Introduction and Classroom Learning Community

Carving stone Long rows of standardized desks, students trudging into class painfully uninterested and disengaged waiting for the sound of the bell to signal the end of another seemingly purposeless hour.  Hour to hour, class to class, worksheet after worksheet, standardized multiple choice exam after exam, the teacher plans out carefully constructed lessons of lecture distributing her wealth of knowledge to unreceptive vessels.  Lecture after lecture the students disengage when school is supposed to exist for them.  Why are these students not retaining the information? Why aren’t these students reciting back all the knowledge they have been fed from chalkboard note-taking sessions and study guide completions?  Why do these students accept less from themselves, their classroom, and their teacher than they deserve?

A teacher can see behind the stone facade that masks student potential. How does a teacher unlock the masterpiece that lies within each and every student?  How does a teacher engage her students to want more, to know more, to be more?  Students in a traditional educational setting struggle to find their place in the world of learning.  Education seems something more done to them than they are a part of the design and implementation of their learning.  Students should be more than receptacles of information teachers fill up and pass along from class to class, hour to hour.  Students who are valued, encouraged, motivated and who have high expectations set for them achieve. Too often as educators, we allow students to slip through the cracks disappearing behind layers and layers of paint covering who they really are.  Teachers do not expose the original work of art that lies beneath the facade.  Students need to be collaborators in their learning working with their teacher and peers to change the picture of education. Students need to expect more from themselves than they have done previously raising the standard of achievement and learning.  No more should a student desire to just finish a product, but instead produce a creative and interesting new way to demonstrate their understanding. Teachers should work together with their students. By engaging their students in meaningful, relevant real world projects, teachers are communicating a larger message to all the learning matters.  By assigning projects that must be completed on time and only see one version, teachers are halting the learning process. Instead, teachers and students should be engaged in learning as a process with multiple revisions of student work and reflection on the learning process throughout.  Then, learning becomes the focus, not simple completion.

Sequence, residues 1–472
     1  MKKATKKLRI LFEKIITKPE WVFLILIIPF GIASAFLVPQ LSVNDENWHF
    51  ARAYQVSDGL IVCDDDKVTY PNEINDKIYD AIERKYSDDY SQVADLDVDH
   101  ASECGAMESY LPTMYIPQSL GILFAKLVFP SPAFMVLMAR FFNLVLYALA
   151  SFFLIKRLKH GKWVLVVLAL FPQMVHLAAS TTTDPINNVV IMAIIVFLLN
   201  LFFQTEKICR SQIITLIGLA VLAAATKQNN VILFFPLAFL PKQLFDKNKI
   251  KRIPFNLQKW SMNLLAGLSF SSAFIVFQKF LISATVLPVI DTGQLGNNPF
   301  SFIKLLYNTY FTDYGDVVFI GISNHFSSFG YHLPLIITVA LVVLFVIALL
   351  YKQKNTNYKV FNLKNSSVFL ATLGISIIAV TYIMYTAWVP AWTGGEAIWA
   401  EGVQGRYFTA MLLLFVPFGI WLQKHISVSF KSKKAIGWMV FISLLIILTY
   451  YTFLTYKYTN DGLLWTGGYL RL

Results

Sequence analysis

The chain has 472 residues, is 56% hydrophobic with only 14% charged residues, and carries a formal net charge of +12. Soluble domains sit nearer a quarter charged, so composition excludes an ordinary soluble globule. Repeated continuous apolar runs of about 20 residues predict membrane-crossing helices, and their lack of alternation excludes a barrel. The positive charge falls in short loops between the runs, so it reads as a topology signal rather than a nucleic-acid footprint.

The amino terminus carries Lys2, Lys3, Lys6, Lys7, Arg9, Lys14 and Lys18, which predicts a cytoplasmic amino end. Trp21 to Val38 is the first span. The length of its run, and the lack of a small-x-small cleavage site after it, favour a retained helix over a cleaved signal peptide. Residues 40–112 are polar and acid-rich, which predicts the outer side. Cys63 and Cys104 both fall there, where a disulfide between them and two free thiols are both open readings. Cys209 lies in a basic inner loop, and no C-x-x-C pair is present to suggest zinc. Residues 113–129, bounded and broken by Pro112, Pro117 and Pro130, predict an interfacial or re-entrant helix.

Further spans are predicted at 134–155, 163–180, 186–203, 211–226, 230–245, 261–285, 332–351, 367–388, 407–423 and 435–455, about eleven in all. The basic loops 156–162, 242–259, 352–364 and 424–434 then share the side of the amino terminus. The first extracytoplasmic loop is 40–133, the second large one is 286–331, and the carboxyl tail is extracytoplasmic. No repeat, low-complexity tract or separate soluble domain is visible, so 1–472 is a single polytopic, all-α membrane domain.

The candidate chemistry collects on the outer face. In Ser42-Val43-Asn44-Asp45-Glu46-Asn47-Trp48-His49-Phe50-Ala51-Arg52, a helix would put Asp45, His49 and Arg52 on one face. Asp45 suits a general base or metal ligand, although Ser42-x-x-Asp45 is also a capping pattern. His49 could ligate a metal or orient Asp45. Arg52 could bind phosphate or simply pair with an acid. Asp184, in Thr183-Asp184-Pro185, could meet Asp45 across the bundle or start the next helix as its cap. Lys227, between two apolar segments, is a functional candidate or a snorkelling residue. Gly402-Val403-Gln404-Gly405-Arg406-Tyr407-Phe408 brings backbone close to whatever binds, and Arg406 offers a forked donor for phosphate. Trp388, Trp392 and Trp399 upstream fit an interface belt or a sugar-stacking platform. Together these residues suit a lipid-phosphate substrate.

Students must be held to a higher level of expectation, be participants and leaders in constructivist learning environment collaborating with their teacher and peers, revising piece after piece thus moving from blank canvases to wonderful masterpieces of art.

CLASSROOM LEARNING COMMUNITY

Field of work:
Arapahoe High School is one of three high schools located in Centennial, Colorado part of Littleton Public Schools.  We have always been the dominant high school in our district as well as a leader in the state regarding state and national testing.  Our college remediation rate, which measures the student’s preparedness for college level classes, is one of the lowest in the state.  About 92-94 % of our graduating seniors go on to college.  We are an open enrollment school with two feeder middle schools.  A number of our students come from these two feeder schools, but we do have a good percentage of open-enrolled kids as well.  Students are open-enrolled based on a letter they write to our principal, previous academic achievement, and possibly an interview.  We have a school that is primarily Caucasian, suburban, and upper middle class.

Most ninth grade English classes have around 30 kids. For freshmen, we offer Humanities classes, regular ninth grade comprehensive English as well as Honors.  We are also offering some single gender classes.  There are two 1-1 English classes at AHS. The ninth grade class as a whole usually numbers around 500-550.  Our curriculum is undergoing some revision aiming for more alignment towards essential learnings defined at each grade level rather than a large curricular approach.  Personal Learning Communities is an additional focus in our school district.  The aim is to give teachers more time to examine current practices, create common assessments, and ultimately, ensure that all our students are receiving the same education.  We have been participants in a massive staff development effort examining how kids learn best and how technology can support that learning. 

Our administrative staff is led by our veteran principal Ron Booth who has hired over 98% of the teachers at our school. He has been the principal over 20 years.  His administrative staff consists of 5 assistant principals all with various levels of experience.  The teachers in the English department in which I teach vary in their experience from 30 years to 3 years.  I am considered a veteran teacher in my department and in the school with this being my 11th year. 

We have a tremendous community support.  At our school, both parents usually work and many have received their Masters degrees. The parents are mostly upper middle class with strong ties to the community.  Many parents volunteer at the school or support their child in extra curricular activities.  Well over half of our students participate in extra-curricular activities. 

However, even with all these advantages present in our students’ lives, we still have a number of students who chose not to invest in learning.  There are a small number of students who do the minimum and get through with D's and C's on their report cards.